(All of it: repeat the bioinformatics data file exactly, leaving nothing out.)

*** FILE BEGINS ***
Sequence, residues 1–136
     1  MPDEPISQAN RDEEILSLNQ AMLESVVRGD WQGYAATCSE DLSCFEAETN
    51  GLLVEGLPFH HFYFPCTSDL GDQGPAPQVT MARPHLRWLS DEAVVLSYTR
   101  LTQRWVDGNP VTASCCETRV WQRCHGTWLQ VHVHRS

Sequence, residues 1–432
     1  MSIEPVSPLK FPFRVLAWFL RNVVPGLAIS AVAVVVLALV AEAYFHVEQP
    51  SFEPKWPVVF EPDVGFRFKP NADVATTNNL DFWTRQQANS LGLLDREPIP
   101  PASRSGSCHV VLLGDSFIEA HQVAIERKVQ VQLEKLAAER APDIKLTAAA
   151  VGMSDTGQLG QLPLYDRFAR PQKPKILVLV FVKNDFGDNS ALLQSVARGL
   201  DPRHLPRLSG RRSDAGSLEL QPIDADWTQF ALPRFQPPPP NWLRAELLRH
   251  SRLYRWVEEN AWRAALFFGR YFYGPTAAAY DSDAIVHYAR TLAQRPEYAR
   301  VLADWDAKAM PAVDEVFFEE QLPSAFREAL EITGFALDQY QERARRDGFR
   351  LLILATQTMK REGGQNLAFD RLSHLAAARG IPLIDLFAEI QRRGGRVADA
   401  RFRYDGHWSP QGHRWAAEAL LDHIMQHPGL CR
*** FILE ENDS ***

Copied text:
Sequence, residues 1–136
     1  MPDEPISQAN RDEEILSLNQ AMLESVVRGD WQGYAATCSE DLSCFEAETN
    51  GLLVEGLPFH HFYFPCTSDL GDQGPAPQVT MARPHLRWLS DEAVVLSYTR
   101  LTQRWVDGNP VTASCCETRV WQRCHGTWLQ VHVHRS

Sequence, residues 1–432
     1  MSIEPVSPLK FPFRVLAWFL RNVVPGLAIS AVAVVVLALV AEAYFHVEQP
    51  SFEPKWPVVF EPDVGFRFKP NADVATTNNL DFWTRQQANS LGLLDREPIP
   101  PASRSGSCHV VLLGDSFIEA HQVAIERKVQ VQLEKLAAER APDIKLTAAA
   151  VGMSDTGQLG QLPLYDRFAR PQKPKILVLV FVKNDFGDNS ALLQSVARGL
   201  DPRHLPRLSG RRSDAGSLEL QPIDADWTQF ALPRFQPPPP NWLRAELLRH
   251  SRLYRWVEEN AWRAALFFGR YFYGPTAAAY DSDAIVHYAR TLAQRPEYAR
   301  VLADWDAKAM PAVDEVFFEE QLPSAFREAL EITGFALDQY QERARRDGFR
   351  LLILATQTMK REGGQNLAFD RLSHLAAARG IPLIDLFAEI QRRGGRVADA
   401  RFRYDGHWSP QGHRWAAEAL LDHIMQHPGL CR